Just popping my head above the parapet to let you know about a short film you must see during the upcoming film festivals, even as the world goes to hell in a handbasket. Dead Letters, directed by Paolo Rotondo and produced by Fraser Brown and my lovely sister Gemma, is a funny, heartbreaking, and surprising WW2 love story, set in Wellington's central post office. You might say it puts the "phwoar" into "please forward if necessary."
I'm busting with excitement because it is adapted from a short story I wrote. A very very short story, in fact; but everything I crammed into those 500 words made it into the film, including some steamy dialogue in a projection booth, the honest-to-goodness Pyramids, and a naughty donkey (OK, it was a camel in the original, but New Zealand is short on trained dromedaries, so some improvisation was necessary).
It's inspired by two true stories: one about my Uncle Jim, and one about some amazing postal technology developed during the war. I won't say any more about the plot, as I don't want to ruin it for you.
Aucklanders might have already seen it as part of the MIC Homegrown: Works on Film programme. It's also screening with Wah Wah, Richard E. Grant's intriguing semi-autobiographical film, on Friday July 21 at 6.30 pm at the Civic.
Wellingtonians get several cracks. It’s showing at the Paramount on Saturday July 22 at 7.00 pm, and Monday July 24 at 2.00 pm, in Homegrown: Works on Film. Or you can see it at the beautiful Embassy Theatre, with Wah Wah, on Friday July 28 at 6.30 pm or Monday July 31 11.00 a.m.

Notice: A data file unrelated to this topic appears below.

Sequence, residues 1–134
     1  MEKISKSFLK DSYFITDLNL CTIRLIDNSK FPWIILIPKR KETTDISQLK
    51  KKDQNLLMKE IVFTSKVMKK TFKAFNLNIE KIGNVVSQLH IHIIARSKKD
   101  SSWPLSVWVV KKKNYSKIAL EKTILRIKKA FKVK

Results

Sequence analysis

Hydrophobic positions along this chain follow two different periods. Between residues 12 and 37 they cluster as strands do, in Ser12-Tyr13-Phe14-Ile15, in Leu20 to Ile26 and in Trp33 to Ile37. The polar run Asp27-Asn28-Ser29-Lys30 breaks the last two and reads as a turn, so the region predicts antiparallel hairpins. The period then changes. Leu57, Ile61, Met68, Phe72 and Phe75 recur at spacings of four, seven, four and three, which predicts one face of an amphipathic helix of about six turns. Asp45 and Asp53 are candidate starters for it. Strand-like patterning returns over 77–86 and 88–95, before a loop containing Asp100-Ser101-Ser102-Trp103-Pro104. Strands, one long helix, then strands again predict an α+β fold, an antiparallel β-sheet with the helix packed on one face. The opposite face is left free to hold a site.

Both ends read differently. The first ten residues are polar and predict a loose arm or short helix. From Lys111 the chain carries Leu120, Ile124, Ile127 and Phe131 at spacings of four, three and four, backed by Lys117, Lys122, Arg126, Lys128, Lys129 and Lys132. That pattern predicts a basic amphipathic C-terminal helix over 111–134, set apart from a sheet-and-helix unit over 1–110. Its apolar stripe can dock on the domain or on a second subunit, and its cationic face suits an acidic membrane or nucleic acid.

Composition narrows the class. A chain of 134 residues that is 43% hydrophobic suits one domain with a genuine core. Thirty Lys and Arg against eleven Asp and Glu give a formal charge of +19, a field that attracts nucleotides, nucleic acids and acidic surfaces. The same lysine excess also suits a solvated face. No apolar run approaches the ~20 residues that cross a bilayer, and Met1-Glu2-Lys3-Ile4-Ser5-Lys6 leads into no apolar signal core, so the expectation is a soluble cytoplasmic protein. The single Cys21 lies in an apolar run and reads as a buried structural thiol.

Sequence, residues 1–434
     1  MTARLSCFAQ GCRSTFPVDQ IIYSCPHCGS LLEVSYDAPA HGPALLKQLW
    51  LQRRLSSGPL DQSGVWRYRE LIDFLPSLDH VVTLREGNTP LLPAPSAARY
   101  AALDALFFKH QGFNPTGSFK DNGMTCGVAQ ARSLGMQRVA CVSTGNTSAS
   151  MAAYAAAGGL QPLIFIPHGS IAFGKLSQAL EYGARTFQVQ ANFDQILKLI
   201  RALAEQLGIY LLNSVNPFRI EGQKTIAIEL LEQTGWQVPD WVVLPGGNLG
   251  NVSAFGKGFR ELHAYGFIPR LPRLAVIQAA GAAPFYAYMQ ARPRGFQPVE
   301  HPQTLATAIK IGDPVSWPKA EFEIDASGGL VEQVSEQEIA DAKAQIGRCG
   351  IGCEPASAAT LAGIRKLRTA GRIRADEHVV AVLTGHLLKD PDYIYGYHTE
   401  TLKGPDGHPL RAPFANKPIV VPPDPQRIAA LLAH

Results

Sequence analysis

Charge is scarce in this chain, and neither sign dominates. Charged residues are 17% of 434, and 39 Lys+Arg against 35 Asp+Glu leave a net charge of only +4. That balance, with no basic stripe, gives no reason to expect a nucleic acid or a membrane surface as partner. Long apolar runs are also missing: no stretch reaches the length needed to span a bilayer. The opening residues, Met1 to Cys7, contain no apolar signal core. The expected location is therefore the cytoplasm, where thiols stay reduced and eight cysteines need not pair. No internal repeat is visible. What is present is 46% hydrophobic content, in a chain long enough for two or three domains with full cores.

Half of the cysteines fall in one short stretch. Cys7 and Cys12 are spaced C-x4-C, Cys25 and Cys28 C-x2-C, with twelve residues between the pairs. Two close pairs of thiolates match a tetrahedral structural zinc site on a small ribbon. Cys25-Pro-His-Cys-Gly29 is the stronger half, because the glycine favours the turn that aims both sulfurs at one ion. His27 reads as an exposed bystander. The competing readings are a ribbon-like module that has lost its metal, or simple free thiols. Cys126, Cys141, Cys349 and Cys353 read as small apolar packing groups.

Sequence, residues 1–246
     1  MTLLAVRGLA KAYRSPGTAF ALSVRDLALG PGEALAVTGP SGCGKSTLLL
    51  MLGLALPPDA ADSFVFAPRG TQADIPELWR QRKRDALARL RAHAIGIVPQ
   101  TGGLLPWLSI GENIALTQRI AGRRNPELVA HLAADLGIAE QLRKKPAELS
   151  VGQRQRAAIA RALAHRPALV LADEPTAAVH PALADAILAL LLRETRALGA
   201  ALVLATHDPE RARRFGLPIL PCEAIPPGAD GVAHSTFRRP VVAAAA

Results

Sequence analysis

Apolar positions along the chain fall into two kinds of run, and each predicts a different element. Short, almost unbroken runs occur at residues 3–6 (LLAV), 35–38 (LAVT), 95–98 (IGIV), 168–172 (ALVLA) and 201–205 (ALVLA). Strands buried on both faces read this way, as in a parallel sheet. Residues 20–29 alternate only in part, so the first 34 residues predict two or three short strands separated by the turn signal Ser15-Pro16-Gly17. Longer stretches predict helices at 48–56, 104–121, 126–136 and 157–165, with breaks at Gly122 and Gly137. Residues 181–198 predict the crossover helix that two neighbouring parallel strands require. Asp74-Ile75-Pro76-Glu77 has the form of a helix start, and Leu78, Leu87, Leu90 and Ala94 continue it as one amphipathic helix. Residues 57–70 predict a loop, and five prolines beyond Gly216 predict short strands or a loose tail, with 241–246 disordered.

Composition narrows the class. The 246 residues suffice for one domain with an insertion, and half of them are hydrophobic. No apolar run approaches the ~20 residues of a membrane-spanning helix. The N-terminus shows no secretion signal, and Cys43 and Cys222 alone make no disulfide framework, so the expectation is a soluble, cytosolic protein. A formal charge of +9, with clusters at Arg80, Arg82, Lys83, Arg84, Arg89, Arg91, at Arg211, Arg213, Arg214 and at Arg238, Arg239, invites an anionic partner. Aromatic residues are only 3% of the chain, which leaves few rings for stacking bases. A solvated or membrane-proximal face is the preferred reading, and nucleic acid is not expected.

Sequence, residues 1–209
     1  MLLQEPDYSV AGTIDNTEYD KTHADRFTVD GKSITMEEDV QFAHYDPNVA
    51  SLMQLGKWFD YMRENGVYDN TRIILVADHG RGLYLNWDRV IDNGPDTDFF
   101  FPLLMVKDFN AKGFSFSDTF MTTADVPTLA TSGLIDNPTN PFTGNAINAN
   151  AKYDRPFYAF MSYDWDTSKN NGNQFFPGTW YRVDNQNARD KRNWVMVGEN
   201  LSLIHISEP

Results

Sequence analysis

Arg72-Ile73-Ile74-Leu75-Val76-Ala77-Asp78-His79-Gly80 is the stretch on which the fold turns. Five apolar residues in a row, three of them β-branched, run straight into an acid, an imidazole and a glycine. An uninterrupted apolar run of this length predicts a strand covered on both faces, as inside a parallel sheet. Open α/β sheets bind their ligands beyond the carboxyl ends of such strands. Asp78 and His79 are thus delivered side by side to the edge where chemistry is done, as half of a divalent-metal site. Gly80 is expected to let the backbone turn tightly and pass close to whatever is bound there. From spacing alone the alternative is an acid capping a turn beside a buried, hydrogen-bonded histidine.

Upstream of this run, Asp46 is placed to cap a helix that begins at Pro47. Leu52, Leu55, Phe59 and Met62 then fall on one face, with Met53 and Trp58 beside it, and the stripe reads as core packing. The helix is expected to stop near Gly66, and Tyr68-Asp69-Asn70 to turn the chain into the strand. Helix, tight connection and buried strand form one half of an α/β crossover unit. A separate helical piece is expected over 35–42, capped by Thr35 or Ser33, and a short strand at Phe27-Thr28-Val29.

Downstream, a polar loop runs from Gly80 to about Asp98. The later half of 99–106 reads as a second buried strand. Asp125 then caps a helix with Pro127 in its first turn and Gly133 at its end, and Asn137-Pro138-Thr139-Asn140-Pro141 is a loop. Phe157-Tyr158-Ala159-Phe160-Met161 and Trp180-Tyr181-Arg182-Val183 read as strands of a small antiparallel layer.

You’ll have to be quick in Dunedin: just the one screening at the Rialto, on Saturday July 29 at 6.00pm in Homegrown: Works on Film.
And in Christchurch, also at the Rialto, you can see it with Homegrown: Works on Film, on Thursday August 3 at 6.30pm, and Saturday August 5 at 4.00pm.
(It's playing in other centres too - you can look it up on the website under title = Homegrown: Works on Film or director = Rotondo.)
Do see it on the big screen if you can: it may be only fourteen minutes long, but what with the gorgeous period details, the perfectly recreated locations, and the huge cast, it's a mini-epic. Yvette Reid and Gareth Reeves are just perfect in their roles. The movie also stars a whole lot of spunky extras in 40s get-up, and the city of Wellington, which has never looked lovelier.
I've seen an almost-finished print and it looks and sounds glorious, thanks to art direction by Grant Major, who must be one of the most unassuming geniuses I’ve ever met, and music by the delicious Gareth Farr.
More info in the current issue of OnFilm magazine. That's our "Gerald" on the cover, doing something sexy with some film equipment.
Huge congratulations to the Quarter Acre Pictures triumvirate, who have done themselves proud with this first project. Watch out for Fraser's cameo as a GI with an eye for the ladies, and Gemma's there in the sorting room with the girls. Paolo's on the soundtrack rather than on screen but it’s his baby in a big way, starting with the perfect screenplay he hammered out after Gemma showed him my story. Between the three of them, they won over the Film Commission and got the film made.
Yes, it's a little wee film, but it's our little wee film, and it's bloody huge, and I'm so proud I might cry!
Coming soon, I promise: your excellent thoughts on how to raise a "far-flung whanau."